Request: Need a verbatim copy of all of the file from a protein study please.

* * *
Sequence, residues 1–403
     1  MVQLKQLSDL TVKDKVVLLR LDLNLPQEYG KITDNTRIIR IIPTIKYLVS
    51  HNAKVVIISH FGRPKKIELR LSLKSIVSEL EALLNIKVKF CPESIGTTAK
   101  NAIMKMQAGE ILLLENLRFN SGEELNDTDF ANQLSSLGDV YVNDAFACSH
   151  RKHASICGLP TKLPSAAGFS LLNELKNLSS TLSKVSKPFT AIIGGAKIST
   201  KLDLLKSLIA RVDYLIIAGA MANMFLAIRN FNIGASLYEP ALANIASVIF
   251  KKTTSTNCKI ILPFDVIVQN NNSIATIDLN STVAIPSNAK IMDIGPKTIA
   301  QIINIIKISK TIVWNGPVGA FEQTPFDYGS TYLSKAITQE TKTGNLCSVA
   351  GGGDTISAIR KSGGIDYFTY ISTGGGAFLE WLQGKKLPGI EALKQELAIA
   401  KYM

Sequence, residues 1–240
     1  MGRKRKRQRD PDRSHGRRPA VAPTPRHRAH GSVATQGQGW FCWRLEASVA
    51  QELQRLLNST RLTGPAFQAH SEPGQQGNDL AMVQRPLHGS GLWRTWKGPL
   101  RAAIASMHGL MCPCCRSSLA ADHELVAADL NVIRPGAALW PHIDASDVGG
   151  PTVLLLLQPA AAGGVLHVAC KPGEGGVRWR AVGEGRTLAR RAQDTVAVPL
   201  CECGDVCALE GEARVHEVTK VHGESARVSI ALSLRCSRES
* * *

Sequence, residues 1–403
     1  MVQLKQLSDL TVKDKVVLLR LDLNLPQEYG KITDNTRIIR IIPTIKYLVS
    51  HNAKVVIISH FGRPKKIELR LSLKSIVSEL EALLNIKVKF CPESIGTTAK
   101  NAIMKMQAGE ILLLENLRFN SGEELNDTDF ANQLSSLGDV YVNDAFACSH
   151  RKHASICGLP TKLPSAAGFS LLNELKNLSS TLSKVSKPFT AIIGGAKIST
   201  KLDLLKSLIA RVDYLIIAGA MANMFLAIRN FNIGASLYEP ALANIASVIF
   251  KKTTSTNCKI ILPFDVIVQN NNSIATIDLN STVAIPSNAK IMDIGPKTIA
   301  QIINIIKISK TIVWNGPVGA FEQTPFDYGS TYLSKAITQE TKTGNLCSVA
   351  GGGDTISAIR KSGGIDYFTY ISTGGGAFLE WLQGKKLPGI EALKQELAIA
   401  KYM

Sequence, residues 1–240
     1  MGRKRKRQRD PDRSHGRRPA VAPTPRHRAH GSVATQGQGW FCWRLEASVA
    51  QELQRLLNST RLTGPAFQAH SEPGQQGNDL AMVQRPLHGS GLWRTWKGPL
   101  RAAIASMHGL MCPCCRSSLA ADHELVAADL NVIRPGAALW PHIDASDVGG
   151  PTVLLLLQPA AAGGVLHVAC KPGEGGVRWR AVGEGRTLAR RAQDTVAVPL
   201  CECGDVCALE GEARVHEVTK VHGESARVSI ALSLRCSRES